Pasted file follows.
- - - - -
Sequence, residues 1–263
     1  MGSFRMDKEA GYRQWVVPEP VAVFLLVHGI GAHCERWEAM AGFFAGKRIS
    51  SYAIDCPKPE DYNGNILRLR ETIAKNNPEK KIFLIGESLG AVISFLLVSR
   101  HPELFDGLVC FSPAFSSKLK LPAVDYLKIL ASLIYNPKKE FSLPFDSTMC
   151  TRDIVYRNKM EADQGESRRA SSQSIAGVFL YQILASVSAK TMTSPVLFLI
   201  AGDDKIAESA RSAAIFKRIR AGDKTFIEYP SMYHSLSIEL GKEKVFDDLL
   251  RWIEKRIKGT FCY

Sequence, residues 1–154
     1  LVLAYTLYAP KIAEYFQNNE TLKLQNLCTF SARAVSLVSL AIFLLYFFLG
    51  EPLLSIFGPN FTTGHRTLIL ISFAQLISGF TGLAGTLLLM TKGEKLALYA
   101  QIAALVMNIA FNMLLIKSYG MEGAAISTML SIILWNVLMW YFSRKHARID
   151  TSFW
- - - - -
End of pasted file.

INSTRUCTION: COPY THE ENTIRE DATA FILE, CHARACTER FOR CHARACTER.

Sequence, residues 1–263
     1  MGSFRMDKEA GYRQWVVPEP VAVFLLVHGI GAHCERWEAM AGFFAGKRIS
    51  SYAIDCPKPE DYNGNILRLR ETIAKNNPEK KIFLIGESLG AVISFLLVSR
   101  HPELFDGLVC FSPAFSSKLK LPAVDYLKIL ASLIYNPKKE FSLPFDSTMC
   151  TRDIVYRNKM EADQGESRRA SSQSIAGVFL YQILASVSAK TMTSPVLFLI
   201  AGDDKIAESA RSAAIFKRIR AGDKTFIEYP SMYHSLSIEL GKEKVFDDLL
   251  RWIEKRIKGT FCY

Sequence, residues 1–154
     1  LVLAYTLYAP KIAEYFQNNE TLKLQNLCTF SARAVSLVSL AIFLLYFFLG
    51  EPLLSIFGPN FTTGHRTLIL ISFAQLISGF TGLAGTLLLM TKGEKLALYA
   101  QIAALVMNIA FNMLLIKSYG MEGAAISTML SIILWNVLMW YFSRKHARID
   151  TSFW